Friday, December 29, 2017

Good Advice

My dad was not an easy man to live with: bipolar and a sociopath,  he was also far more intelligent than his background would allow for.  And now and then he would get it right, advice-wise.

One of my tasks growing up was working alongside my parents in the blueberry field, cutting brush and poisoning out things like poplar and raspberry canes.  One day he planted me in front of what was about an acre of hundreds and hundreds of poplar shoots, all of them no more than four feet high, and told me to start clearing them out.  One. At. A. Time. Cut, poison, cut, poison, cut, poison, each tiny stub.   I would cut a few, straighten up, sigh, and stare out at the endless sea of these things.
After awhile I suspect it began to get on his nerves, this whiney child, snipsnipsnip sigh snip snip snip sigh.
And he gave me the best advice I have ever gotten, for getting through long tedious things.
"Never look ahead to see how much is left," he said. "Focus on what's right in front of you, and nothing more. But now and then, look back, to see how far you've come.  You'll be amazed at how
much easier it is when you do that."

And he was right.

Life, it turns out, is loaded with mindless, seemingly endless tasks, the  kind you have to do,  but with this advice they turn out to be not so endless, and ultimately you have a large mowed piece of lawn, or a much smaller pile of logs (and a corresponding larger pile of stove wood) or even a shoveled driveway.


  1. He gave you some good advice, I'm still like you were, Im always looking to see how much longer that row of corn is.

    1. It's not let me down once. The trick is to look once, and then don't look again until you quit for the day. That can be one looooong row of corn.

      He called it "doin' your work twice, once on the ground and once in your head..."

  2. Mm. There's a lot to mull over in this vignette. It takes me back a year or two. Anyone who has done field work of any kind will tell you it's backbreaking, unforgiving work. Raking blueberries, harvesting potatoes, or wood husbandry will find the weakness in you. I've done them all during a time before there were "machines" to simplify things. We didn't try cutting back invasive plants, because the scale was too large for the few of us to manage. We [everyone in the county] burnt hundreds of acres at a time. There's a particular smell to the smoke, I could always tell when the first fires were lit from miles away. I'll remember that odor as long as I live.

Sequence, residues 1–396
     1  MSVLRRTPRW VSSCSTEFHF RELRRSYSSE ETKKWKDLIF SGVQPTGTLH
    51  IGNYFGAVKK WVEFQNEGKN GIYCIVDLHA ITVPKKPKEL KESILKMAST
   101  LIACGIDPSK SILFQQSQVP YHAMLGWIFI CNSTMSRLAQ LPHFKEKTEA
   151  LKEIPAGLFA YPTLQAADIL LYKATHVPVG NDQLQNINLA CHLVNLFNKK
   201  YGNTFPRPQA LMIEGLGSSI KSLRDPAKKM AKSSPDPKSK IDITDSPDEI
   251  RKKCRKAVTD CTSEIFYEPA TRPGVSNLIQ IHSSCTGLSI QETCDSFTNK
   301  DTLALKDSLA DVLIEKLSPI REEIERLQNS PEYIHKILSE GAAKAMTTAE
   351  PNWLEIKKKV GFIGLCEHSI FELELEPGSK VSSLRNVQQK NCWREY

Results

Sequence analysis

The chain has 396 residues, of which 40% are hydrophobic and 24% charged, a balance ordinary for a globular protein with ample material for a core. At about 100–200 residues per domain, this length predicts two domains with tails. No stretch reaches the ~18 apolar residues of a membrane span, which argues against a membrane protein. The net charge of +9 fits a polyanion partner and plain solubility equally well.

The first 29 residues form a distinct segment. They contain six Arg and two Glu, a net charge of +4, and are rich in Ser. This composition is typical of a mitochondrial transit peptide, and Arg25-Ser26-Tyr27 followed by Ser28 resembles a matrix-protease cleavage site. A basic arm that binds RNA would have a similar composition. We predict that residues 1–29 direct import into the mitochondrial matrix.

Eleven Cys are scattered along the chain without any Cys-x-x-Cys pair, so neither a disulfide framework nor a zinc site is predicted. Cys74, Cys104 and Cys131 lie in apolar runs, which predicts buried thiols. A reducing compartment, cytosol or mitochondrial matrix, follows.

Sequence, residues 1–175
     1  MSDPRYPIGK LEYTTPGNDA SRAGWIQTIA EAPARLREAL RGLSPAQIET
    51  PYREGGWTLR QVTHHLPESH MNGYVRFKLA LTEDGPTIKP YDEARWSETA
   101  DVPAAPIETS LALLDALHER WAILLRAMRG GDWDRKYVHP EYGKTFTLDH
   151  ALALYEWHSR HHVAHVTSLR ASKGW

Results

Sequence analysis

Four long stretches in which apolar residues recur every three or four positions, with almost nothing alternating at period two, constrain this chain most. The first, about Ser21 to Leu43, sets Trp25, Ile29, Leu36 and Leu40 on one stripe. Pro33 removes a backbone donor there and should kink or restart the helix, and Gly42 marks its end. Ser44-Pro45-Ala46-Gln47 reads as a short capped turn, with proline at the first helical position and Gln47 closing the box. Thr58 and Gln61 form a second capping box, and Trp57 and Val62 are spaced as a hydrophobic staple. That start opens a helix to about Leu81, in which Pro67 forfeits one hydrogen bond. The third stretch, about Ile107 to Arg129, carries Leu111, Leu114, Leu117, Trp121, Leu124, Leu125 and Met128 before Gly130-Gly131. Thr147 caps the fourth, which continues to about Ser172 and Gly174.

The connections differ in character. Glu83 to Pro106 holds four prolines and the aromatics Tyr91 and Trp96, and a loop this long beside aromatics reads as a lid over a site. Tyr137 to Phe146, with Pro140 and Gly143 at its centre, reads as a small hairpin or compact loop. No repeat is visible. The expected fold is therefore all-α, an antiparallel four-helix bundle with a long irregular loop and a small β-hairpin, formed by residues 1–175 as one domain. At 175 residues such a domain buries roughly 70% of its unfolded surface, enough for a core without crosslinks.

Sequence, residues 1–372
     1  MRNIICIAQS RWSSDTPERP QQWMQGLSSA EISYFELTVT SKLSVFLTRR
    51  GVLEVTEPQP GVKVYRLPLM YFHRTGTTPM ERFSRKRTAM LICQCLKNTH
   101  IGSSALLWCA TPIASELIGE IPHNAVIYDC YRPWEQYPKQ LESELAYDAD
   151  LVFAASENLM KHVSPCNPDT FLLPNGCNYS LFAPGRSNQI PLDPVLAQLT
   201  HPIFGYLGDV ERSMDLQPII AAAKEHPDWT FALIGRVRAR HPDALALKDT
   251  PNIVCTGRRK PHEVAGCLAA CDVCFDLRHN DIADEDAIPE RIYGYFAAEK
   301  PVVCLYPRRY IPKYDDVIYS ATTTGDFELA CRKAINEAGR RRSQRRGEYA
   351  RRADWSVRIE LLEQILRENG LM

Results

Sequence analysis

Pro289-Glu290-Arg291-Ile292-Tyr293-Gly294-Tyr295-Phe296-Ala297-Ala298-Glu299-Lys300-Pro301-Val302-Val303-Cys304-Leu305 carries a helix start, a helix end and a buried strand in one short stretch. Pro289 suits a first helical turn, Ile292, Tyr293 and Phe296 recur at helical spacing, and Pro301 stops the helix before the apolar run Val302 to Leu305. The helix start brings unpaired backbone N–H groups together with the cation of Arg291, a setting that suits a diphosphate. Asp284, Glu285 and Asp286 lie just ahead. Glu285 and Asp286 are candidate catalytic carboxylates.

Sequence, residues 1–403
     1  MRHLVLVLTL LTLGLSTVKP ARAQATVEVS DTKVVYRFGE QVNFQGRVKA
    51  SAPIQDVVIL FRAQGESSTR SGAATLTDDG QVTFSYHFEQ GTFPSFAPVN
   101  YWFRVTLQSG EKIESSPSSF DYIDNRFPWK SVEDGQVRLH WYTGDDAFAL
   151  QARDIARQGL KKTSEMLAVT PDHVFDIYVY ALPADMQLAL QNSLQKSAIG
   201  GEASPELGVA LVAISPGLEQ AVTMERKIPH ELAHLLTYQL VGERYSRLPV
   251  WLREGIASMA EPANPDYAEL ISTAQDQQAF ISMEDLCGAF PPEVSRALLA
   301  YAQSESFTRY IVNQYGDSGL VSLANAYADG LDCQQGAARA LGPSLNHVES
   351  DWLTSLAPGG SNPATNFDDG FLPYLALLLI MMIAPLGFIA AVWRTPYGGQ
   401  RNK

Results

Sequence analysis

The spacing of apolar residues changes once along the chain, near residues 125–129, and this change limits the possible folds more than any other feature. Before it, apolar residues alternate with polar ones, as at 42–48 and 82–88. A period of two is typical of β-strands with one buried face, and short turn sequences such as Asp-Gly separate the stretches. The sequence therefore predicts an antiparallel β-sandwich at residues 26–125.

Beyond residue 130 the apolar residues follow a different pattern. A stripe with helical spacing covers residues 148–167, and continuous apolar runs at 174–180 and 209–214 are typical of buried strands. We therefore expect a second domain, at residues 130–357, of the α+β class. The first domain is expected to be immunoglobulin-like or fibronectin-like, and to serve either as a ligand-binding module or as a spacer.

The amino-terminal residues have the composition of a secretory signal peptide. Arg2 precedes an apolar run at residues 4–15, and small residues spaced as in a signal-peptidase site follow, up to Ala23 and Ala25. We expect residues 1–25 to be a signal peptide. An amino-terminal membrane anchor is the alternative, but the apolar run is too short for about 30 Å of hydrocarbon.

Good advice is hard to come by. Sounds like you got the most value from your Father's words. Difficult people are like sewing layers of Denim by hand. It's difficult to get through them and when you do, it's often sudden and painful. When you're done though what's left is rugged and durable.

    1. We cut brush with long-handled brush clippers, and poisoning the stumps was the only way a small grower could hope to get ahead of it.
      In the late fall after--and sometimes during--the fall rains, we would burn over a third of the patch. Probably ten acres or so. If it didnt get done then, we would tackle it in the spring. My dad had, with good reason, a terror of brush fires, and when the ground started to dry out, we spent longer and longer burning a small amount (maybe a half acre at a time) and then the rest of the day chasing down the smokes and the stumps. We had Indian pumps (70 lbs of water, yep) and adrenalin.
      But by jiminy I can build a brush pile, and I can deal with fire. And I know enough about hard work and blueberries to know I never wanted to grow them myself.
      I know that smell, too, all too well.

      Like the analogy, PerSe. He was a difficult man and you had to learn to work around him, but he would have made a marvelous, if spikey, teacher.
      He was also an instinctive story teller, just enough ham to be interesting, just enough drama to keep your attention.

  3. Your dad might have been difficult but that was great advice that he gave you.

    1. Now and then, he got it right. =) It's something I use every day of my life, whether it's for doing the dishes or stacking 8 cords of wood, or just making those damn curtains. It pays off.